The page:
The above situation was akin to what happened immediately the Enugu State Government passed the law prohibiting the use of motorcycle, popularly known as “Okada” for commercial and private transportation, to forestall the many disadvantages it portends. As soon as Okada was banned, didn’t residents in Enugu metropolis notice the use of motorcycles by policemen unchallenged while the ordinary people who flouted the law had their motorcycles confiscated? And when public outcry heightened as to why uniformed men (policemen) should use their motorcycle to go to work, a directive was immediately passed to all formations to call their officers, men and personnel to order, and this was immediately carried out. Today in Enugu, according to reliable sources, it is uncommon to see low as well as high ranking military men or paramilitary men using their private motorcycles. No doubt, this is how law should be applied.

The administration of Governor Sullivan Chime should extend same law of wheel clamping to highly placed persons no matter their status – cronies of the government in power, government officials, policemen, military men etc- by fearlessly empowering EASIPARK officials to clamp their cars when wrongly parked, if he wants the public to take him serious. This has become expedient to douse the air of above the law, intimidation and superiority the above persons have, which makes EASIPARK officials to fidget, develop servant attitude, sudden inferiority complex at the  sight of such military men, policemen, government officials among others; and cowardly recoil from clamping their vehicle wheels.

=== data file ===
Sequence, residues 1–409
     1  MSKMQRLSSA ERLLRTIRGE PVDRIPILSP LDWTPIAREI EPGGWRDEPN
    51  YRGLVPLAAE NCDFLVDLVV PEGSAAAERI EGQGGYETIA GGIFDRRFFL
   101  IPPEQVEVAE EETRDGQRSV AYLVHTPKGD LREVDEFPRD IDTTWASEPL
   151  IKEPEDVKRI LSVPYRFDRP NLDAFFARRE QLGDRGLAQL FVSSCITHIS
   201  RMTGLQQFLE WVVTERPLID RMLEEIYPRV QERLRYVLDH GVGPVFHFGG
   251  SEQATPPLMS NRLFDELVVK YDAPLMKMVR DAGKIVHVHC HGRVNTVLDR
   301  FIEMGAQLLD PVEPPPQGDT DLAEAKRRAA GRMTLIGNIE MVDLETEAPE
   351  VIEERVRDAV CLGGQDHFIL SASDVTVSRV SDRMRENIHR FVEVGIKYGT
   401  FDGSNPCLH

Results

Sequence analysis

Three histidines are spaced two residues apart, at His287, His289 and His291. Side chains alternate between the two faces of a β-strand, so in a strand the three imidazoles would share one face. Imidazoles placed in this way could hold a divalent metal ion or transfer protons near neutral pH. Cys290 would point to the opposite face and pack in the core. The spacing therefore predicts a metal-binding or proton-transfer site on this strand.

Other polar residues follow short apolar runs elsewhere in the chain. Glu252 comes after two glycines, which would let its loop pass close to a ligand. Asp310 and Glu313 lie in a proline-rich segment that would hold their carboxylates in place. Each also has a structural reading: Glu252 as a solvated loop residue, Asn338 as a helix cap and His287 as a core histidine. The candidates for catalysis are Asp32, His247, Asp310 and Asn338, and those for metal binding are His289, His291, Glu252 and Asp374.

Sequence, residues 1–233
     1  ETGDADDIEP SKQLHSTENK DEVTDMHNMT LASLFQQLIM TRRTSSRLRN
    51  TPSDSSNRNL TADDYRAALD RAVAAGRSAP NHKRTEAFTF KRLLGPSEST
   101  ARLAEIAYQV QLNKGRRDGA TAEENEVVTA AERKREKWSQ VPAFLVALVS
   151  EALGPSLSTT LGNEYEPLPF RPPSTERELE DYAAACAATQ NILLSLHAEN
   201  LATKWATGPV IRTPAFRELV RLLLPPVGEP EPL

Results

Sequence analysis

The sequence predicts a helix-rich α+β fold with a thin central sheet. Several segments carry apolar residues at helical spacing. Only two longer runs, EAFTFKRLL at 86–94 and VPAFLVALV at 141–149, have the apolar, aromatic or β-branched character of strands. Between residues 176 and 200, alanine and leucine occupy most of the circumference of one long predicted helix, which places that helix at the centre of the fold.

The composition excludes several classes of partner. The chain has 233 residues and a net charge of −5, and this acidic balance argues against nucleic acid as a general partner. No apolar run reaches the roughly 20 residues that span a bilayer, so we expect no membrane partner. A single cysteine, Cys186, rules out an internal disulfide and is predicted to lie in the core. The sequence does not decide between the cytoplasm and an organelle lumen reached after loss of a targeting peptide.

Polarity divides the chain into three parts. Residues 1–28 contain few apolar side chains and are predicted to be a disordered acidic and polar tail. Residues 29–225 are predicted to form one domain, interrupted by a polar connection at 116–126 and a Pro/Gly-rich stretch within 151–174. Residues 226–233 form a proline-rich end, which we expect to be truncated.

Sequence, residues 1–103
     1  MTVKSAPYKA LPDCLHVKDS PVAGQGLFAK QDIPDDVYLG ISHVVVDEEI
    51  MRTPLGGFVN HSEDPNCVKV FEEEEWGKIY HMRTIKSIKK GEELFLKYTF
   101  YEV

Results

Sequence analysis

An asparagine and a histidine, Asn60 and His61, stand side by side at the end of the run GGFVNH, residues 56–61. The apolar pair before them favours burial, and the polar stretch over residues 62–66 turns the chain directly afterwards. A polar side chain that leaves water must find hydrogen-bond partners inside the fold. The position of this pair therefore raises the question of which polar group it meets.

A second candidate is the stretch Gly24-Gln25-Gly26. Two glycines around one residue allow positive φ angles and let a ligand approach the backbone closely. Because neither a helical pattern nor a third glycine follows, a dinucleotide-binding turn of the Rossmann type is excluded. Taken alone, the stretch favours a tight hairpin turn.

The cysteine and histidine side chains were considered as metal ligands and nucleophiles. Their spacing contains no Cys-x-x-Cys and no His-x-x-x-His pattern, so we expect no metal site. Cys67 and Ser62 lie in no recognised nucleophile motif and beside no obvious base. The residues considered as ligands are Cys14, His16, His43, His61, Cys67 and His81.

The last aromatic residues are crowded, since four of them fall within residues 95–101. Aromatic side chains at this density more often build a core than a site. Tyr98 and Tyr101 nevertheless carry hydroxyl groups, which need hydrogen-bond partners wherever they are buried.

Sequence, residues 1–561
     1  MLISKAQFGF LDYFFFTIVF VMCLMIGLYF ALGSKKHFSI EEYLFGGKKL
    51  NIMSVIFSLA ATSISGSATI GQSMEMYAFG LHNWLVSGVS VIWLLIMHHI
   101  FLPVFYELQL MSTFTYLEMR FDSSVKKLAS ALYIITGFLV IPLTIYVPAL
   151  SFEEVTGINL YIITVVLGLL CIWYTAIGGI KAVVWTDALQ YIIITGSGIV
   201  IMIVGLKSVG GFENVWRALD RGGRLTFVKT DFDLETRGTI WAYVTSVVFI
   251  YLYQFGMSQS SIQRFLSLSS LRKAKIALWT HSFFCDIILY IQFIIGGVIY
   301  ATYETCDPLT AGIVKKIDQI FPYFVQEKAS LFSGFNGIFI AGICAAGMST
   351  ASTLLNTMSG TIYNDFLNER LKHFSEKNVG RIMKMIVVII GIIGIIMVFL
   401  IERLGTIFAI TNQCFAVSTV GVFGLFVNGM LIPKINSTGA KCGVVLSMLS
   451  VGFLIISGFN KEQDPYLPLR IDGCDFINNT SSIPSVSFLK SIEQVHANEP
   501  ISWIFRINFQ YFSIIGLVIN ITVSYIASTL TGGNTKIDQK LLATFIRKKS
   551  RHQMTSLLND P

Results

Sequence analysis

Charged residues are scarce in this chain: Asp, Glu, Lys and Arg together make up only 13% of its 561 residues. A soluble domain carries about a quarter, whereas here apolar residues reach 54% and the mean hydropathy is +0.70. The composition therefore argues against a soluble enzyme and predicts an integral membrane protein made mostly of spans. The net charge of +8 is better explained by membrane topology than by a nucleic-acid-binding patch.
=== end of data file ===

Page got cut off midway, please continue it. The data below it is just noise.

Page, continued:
Governor Sullivan, local government chairmen and those they have given power to enforce this law should borrow a leaf from Fashola, Lagos State Governor who arrested a colonel and a staff sergeant not too long ago for violating traffic rules and regulation.  If this leaf is borrowed, it will reinforce the perception of the general public that there are no sacred cows in the application of the law.

It is also one thing to make such law, as the aforementioned, and another to provide car parks at strategic places known to be heavily congested with vehicles, to ease free flow of traffic. Marking a particular portion of the road mainly for parking cars and erecting “no parking” signposts are not enough.  It is the humble suggestion of this writer to the Enugu State government and local government chairmen whose influence is in the metropolis to build car parks at strategic places known to be congested with cars not only for commercial vehicle owners but also private car owners; as this will serve as a revenue generating venture for the state and local government.

The Enugu State government should spread information about its “wheel clamping” policy to every nook and cranny by exploring the following avenues: churches, mosques, schools, town criers, social media, online media websites, and blog spots,  radio, newspapers and magazines. It is when this is done that many who would have been penalised for violating the law will be fully aware of it and obey it.

Nwaorgu Faustinus writes from Igboetche, Port Harcourt, Rivers State.